In the weeks following Facebook's botched debut on the NASDAQ market the two have had a nasty, complicated, break-up—almost. Like partners locked in an on-again, off-again romance, these two can't get to the actual splitting up part. Since its glitchy debut, Facebook has threatened to end this thing, pulling its stock off of NASDAQ for a more supportive, stable market. And the social network almost made the move, but opted to stay in this thing, realizing it would miss the market too much, at least according to The Wall Street Journal's Aaron Lucchetti, Shayndi Raice and Jenny Strasburg: "Facebook executives have decided to keep the company's stock listing on the Nasdaq Stock Market, despite lingering frustration with the exchange's bungling of its widely anticipated initial public offering," they write. Let's take a look how this affair has gone from messy to messier.
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Phase 1: Meant for Each other
As the first electronic market, NASDAQ attracted big tech names like Apple and Google, making it a good match for the Internet 2.0 company. NASDAQ had been competing with the New York Stock Exchange for Facebook's affection. Facebook chose NASDAQ, and NASDAQ pinned the social network, so to speak, with the FB ticker symbol. "It’s a high-profile win for their listings business," Michael Adams, an analyst Sandler O’Neill told DealBook's Evelyn M. Rusli. “In terms of earnings, the impact won’t be dramatic, but it’s something to be proud of."
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Phase 2: The Blame Game
After a debut that left Facebook's stock just a smidgen above its opening market price, the two started fighting, pointing fingers. Facebook blamed NASDAQ's technical problems and felt that NASDAQ didn't communicate well. "Facebook is upset about Nasdaq’s lack of communication, according to people close to the company. Executives were left out of important decisions like whether the stock should begin trading at all given the crush of early issues," writes DealBook's Evelyn M. Rusli. And though NASDAQ admitted its faults, as arguments go, it said that these glitches had little to do with Facebook's stock market fail. "Mr. Greifeld, Nasdaq’s chief, assured the press that Nasdaq’s errors had not affected the stock’s performance," continues Rusli. Meanwhile, some still blame investor overconfidence -- not NASDAQ -- for the stock's less than impressive price, which is still trading around $31, well below that $38 starting price. And considering all the information that has come out about Facebook's suspect advertising model, NASDAQ doesn't deserve total blame for Facebook's flaws.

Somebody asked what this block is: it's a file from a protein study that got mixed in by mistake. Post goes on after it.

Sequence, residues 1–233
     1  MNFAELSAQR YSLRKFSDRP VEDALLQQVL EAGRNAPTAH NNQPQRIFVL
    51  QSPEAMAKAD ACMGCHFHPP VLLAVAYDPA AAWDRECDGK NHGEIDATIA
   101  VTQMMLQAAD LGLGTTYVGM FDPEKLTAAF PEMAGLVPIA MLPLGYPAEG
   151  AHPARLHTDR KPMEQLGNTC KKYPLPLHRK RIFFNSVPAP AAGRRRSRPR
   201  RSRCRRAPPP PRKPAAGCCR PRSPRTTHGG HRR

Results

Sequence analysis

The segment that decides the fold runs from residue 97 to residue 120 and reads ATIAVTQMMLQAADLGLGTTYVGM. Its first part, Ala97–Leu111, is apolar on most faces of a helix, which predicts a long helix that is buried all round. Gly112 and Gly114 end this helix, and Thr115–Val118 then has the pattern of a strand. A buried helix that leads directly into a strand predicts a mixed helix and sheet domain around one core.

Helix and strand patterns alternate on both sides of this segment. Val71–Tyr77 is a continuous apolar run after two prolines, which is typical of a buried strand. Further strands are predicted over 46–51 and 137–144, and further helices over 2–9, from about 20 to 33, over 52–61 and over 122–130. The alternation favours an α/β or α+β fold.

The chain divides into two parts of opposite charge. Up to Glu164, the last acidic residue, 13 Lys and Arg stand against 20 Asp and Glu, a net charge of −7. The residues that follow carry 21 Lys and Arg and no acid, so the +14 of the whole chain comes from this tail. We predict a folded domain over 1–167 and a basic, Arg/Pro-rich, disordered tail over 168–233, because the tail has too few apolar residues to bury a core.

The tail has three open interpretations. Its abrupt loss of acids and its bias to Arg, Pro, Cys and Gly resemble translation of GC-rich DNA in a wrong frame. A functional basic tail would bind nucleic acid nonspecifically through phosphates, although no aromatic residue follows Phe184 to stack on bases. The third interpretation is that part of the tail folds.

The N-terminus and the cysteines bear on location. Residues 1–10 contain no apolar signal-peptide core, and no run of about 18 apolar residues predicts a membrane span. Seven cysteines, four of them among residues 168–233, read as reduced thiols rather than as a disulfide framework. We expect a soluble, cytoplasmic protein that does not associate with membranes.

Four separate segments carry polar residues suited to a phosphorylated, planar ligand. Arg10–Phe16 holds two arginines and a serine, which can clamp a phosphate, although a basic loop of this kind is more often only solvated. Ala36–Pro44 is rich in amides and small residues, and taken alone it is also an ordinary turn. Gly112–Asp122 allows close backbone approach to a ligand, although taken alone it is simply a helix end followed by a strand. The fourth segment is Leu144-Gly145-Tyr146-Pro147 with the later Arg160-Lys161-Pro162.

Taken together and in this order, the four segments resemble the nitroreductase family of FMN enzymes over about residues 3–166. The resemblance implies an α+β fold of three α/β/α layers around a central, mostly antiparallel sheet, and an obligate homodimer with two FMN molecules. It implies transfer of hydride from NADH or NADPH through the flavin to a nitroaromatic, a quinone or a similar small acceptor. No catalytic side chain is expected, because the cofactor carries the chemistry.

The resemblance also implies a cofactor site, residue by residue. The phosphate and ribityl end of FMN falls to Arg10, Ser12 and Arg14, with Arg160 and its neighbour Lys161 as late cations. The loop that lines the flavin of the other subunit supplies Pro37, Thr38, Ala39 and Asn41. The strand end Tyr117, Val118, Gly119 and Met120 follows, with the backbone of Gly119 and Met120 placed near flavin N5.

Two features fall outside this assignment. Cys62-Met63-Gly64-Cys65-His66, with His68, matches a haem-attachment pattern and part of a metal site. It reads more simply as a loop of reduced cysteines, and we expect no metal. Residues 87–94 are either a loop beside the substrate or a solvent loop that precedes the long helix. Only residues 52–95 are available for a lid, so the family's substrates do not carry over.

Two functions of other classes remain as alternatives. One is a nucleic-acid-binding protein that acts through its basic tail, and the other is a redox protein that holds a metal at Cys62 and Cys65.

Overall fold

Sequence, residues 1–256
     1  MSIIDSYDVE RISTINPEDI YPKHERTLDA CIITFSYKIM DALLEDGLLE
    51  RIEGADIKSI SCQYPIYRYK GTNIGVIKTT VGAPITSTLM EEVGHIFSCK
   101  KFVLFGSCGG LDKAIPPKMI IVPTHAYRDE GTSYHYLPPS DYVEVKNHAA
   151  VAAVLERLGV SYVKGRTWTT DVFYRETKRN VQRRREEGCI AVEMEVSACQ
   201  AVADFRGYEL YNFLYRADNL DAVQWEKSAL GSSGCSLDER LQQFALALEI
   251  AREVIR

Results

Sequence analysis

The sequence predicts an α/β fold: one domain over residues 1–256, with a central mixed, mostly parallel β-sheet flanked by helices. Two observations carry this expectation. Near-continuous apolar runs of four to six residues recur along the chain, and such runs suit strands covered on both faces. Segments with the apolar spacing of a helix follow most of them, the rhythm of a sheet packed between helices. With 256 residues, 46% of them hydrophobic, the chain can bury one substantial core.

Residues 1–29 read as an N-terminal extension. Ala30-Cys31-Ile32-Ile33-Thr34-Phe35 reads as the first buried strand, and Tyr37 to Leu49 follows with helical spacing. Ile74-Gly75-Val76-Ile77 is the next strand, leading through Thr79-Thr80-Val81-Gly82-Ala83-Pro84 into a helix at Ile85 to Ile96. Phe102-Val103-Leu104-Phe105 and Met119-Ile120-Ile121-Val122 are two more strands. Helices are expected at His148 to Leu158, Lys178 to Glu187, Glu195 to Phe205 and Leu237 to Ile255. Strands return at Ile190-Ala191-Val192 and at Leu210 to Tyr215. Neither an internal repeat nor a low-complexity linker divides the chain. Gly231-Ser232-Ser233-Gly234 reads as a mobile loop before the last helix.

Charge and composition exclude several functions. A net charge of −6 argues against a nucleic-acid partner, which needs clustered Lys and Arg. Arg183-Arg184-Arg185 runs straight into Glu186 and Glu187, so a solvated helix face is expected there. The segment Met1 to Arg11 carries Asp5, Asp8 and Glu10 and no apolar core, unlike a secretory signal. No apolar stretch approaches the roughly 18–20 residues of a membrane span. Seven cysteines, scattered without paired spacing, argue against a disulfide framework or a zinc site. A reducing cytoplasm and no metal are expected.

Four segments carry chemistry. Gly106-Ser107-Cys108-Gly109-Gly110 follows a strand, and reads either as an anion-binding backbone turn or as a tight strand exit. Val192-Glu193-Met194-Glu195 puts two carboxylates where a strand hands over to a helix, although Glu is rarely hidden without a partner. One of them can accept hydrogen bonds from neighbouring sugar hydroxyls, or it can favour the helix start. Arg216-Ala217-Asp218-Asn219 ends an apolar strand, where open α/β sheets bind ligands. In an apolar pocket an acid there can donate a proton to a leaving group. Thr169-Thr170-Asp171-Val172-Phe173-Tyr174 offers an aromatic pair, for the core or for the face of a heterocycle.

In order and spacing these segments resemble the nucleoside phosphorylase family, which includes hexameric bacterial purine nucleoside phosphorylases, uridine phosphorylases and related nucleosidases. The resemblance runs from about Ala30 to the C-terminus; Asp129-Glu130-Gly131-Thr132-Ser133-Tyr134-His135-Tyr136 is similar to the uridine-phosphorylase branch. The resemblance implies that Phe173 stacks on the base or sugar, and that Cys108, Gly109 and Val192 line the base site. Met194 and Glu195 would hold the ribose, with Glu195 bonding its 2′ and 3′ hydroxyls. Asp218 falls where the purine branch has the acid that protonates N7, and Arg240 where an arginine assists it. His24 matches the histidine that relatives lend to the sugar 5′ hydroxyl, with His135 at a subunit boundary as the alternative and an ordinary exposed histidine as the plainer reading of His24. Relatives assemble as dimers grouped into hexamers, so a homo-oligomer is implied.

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Phase 3: Sorry Isn't Good Enough
This is where things really started to deteriorate. After that statement, Facebook execs said they felt a sense of "betrayal," says Rusli, leading one Facebook honcho to threaten Greifeld. "You don’t understand the hole you’re in," he said, a source told Rusli. NASDAQ further defended itself, with Greifeld using the ole-excuse standby, saying his cell was out of service (basically) during the Facebook fall-out. Here's that sad excuse for an excuse from the Wall Street Journal's Jenny Strasburg, Andrew Ackerman and Aaron Lucchetti:
So, marooned for almost five hours in business class with a phone he says didn't work, he didn't realize that continuing breakdowns at his exchange had left countless investors not knowing how many Facebook shares they had bought or sold and at what price, nor did he know the SEC chief wanted to reach him.
"You wake up, you turn around, and there's a black or dull spot," Greifeld told Strasburg, Ackerman and Lucchetti. "You can't get away from it."
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Phase 4: This Is Over (Not Really)
Facebook's still pissed, yet has not dumped NASDAQ. Perhaps the admission of guilt from Greifeld where he blamed his own "overconfidence" and "arrogance" for the screw-up sufficed. "There was not enough of a check and balance," Greifeld said. "We did not have enough business judgment in the process." The personal apology to Facebook Chief Financial Officer David Ebersman didn't hurt either. "The decision came as Nasdaq executives have sought to repair relationships frayed by Facebook's rocky debut," write Lucchetti, Raice, and Strasburg. Or maybe Facebook realized that as badly as NASDAQ has messed up, it needs the market just as much as the market needs it. "They [Facebook] determined a move would further drain confidence in the company's battered shares." Facebook doesn't need a break-up right now, it needs companionship -- even if it comes from a screw-up of a market.